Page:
The sun has set and outside the walls of the ancient city Harar, Ethiopia, a man is sittning on the ground behind a woven basket. It contains scraps of meat and the man, also known as a Hyena Man, puts a piece on a stick. All of a sudden a large hyena mounts the back of the man, reaches beside his head and snatches the meat from the stick. Tourists watching the event light up the darkness when they try to capture the unusual moment with their iPhones and cameras.
Feeding wild hyenas is a tourist attraction in Harar but interactions between humans and hyenas have taken place for centuries, and the hyenas also enter the city of Harar in search of food provided by the citizens. They leave bones in the streets for the hyenas.
Hyenas have massive jaws and a group of hyenas can devour a prey, a zebra or a wilderbeest, in 20 minutes. They only leave hoofs and hair behind. In Harar hyenas are also known as bone eaters.
And Among the Bone Eaters is the title of a spectacular and adventurous book by Australian anthropologist Marcus Baynes-Rock. Subtitle: Encounters with Hyenas in Harar. Baynes-Rock studied interactions between hyenas and humans in Harar for several years, expanding the bounderies of anthropology and our knowledge about the spotted hyena.
How did you get the idea to study hyena-human interactions in eastern Ethiopia?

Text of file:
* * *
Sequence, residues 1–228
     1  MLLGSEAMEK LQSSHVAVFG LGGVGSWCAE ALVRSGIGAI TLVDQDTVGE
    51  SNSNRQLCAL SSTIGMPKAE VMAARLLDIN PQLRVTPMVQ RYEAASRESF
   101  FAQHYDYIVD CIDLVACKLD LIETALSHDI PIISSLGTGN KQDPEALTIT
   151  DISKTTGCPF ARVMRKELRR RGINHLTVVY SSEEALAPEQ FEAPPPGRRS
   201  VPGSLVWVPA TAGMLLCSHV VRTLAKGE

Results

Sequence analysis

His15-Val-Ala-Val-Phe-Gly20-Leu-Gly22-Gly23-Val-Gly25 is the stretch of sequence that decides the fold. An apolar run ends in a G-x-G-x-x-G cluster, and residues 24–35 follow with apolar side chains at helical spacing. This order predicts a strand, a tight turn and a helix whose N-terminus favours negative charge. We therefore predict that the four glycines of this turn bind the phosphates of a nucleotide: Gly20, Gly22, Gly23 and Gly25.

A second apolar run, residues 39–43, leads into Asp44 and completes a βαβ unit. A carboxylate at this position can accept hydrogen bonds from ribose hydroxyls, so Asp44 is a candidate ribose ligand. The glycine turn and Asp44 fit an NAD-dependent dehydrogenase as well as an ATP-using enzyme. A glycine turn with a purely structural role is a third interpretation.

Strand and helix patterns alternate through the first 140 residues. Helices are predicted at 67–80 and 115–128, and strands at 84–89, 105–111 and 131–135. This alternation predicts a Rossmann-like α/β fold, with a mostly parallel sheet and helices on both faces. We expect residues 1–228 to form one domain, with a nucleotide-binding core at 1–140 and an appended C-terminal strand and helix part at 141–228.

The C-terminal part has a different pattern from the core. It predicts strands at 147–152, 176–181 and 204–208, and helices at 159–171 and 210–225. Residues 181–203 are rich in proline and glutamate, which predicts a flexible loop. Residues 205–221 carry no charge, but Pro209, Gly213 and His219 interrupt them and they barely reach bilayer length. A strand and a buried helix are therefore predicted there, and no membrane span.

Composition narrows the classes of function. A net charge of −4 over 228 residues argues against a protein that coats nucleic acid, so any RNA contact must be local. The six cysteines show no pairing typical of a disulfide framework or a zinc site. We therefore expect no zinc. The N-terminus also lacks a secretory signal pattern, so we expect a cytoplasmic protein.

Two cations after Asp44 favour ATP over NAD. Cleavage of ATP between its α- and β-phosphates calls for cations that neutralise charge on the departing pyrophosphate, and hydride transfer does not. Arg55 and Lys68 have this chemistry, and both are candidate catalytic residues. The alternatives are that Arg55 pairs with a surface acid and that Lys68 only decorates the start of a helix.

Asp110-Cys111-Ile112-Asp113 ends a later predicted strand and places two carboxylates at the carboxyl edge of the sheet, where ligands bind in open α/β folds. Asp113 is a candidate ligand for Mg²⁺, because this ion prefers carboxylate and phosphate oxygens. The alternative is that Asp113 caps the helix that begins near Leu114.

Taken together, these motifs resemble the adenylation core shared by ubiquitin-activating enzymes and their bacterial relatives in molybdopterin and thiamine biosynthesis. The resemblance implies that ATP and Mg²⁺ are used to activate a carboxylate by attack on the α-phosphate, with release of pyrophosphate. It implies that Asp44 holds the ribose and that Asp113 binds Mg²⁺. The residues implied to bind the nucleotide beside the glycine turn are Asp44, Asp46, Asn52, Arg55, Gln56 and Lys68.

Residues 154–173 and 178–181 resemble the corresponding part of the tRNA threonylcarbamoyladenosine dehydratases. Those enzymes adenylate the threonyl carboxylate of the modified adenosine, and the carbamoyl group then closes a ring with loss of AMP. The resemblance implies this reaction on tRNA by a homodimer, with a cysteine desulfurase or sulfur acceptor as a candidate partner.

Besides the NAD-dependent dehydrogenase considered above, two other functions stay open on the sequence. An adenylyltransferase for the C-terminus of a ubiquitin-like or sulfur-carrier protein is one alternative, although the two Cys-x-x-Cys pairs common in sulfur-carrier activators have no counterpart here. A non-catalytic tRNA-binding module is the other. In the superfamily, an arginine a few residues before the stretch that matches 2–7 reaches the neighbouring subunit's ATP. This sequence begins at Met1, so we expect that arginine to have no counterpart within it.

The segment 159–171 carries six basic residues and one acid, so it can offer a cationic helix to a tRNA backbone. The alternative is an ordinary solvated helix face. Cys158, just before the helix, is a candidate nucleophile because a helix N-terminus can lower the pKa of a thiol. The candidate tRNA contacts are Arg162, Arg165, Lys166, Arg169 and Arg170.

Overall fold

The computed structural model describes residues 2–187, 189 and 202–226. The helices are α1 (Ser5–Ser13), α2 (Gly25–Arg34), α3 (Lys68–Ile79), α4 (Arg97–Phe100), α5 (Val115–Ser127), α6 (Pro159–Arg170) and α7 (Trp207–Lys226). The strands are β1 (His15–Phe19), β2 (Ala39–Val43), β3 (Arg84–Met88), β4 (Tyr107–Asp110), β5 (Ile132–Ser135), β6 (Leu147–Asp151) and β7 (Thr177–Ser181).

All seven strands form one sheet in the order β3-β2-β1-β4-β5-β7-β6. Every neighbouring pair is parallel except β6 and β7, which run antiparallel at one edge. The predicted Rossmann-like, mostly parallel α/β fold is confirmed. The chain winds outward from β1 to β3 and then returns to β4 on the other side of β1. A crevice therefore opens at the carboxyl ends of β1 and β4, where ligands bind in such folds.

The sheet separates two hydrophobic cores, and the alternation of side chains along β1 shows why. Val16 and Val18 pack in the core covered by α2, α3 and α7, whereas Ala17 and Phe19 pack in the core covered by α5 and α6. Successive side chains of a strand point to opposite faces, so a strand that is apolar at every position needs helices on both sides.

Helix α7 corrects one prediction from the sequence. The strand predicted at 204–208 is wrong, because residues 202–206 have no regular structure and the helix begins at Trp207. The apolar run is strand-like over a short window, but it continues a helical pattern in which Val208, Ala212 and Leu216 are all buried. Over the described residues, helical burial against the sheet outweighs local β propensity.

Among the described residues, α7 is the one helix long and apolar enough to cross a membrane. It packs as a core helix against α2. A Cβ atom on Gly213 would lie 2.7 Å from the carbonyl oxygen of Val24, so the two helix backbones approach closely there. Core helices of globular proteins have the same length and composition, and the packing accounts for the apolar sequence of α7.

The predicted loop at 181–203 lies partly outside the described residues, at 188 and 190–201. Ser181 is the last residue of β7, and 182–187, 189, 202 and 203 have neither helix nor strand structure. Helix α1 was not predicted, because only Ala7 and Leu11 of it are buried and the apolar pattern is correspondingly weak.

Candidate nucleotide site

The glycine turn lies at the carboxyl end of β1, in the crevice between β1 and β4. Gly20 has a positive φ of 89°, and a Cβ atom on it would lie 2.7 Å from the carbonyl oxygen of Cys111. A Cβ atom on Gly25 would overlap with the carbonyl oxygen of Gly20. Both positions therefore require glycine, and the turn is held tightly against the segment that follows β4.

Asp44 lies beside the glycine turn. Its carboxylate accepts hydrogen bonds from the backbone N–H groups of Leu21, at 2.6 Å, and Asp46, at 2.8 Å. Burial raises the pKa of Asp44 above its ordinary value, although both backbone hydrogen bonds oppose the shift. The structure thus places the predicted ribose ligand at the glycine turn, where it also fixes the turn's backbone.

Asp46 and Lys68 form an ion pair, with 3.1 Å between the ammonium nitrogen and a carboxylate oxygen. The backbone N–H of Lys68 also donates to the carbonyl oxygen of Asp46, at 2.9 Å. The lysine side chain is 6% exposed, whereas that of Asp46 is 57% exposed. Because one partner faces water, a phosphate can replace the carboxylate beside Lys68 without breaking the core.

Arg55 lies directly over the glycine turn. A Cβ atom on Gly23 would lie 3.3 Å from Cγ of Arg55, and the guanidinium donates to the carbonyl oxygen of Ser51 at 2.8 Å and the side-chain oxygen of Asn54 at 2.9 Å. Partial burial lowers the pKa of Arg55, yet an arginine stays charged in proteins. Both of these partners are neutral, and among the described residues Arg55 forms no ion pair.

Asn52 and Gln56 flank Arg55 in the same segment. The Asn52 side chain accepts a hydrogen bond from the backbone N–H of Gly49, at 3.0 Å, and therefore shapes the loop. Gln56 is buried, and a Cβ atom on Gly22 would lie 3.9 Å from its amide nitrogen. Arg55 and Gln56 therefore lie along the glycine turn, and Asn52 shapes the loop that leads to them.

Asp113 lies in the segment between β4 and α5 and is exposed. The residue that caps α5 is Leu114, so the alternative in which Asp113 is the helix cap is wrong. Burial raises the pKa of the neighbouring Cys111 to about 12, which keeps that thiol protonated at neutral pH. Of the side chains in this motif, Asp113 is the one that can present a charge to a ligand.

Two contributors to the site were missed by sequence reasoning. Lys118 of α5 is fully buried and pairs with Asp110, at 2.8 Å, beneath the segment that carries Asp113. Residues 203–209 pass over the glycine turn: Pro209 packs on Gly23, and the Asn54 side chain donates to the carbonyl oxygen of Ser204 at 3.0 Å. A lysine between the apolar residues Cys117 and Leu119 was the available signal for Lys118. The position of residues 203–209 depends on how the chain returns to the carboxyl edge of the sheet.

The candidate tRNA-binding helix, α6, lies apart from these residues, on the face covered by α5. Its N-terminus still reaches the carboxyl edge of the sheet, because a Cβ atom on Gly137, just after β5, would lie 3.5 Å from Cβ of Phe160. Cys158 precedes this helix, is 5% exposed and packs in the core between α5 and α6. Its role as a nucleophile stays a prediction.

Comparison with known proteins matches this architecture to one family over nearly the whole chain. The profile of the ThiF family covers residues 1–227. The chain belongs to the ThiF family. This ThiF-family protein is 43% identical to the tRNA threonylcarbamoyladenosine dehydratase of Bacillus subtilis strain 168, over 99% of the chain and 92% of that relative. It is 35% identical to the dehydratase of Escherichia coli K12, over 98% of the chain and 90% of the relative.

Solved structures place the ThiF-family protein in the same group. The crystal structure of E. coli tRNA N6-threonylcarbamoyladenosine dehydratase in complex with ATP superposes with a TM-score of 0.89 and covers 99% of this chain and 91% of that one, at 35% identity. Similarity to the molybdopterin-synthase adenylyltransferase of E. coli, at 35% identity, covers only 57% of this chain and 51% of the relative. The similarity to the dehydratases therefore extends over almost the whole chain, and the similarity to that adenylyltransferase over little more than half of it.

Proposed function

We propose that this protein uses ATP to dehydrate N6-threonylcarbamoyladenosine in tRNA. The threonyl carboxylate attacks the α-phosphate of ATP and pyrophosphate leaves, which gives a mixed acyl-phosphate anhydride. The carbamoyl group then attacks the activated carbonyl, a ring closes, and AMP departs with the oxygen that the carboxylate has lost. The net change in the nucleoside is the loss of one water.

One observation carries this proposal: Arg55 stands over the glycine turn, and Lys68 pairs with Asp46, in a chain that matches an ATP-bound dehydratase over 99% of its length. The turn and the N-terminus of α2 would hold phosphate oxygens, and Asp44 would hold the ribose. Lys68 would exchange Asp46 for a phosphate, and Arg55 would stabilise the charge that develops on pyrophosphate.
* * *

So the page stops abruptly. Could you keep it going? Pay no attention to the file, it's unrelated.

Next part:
– I was always interested in evolutionary relationships between our human and large carnivore ancestors and this led me to study up on contemporary hyenas. I was reading Hans Kruuk’s seminal work on spotted hyena predation and social behaviour and I found a brief passage about Harar. Kruuk describes the hyenas in Harar entering into the town at night and being ‘encouraged’ by the locals.
– I was looking for a PhD project at the time and my honours coordinator, Marcus Barber, suggested that I do an ethnography on hyenas and humans in Harar. I wrote up a proposal and was granted a scholarship from Macquarie University. So without really meaning to I slid pretty seamlessly from Palaeoanthropology into Social Anthropology and multispecies ethnography and before long found myself on a plane to Ethiopia.
What are some of the most surprising and significant results of your research?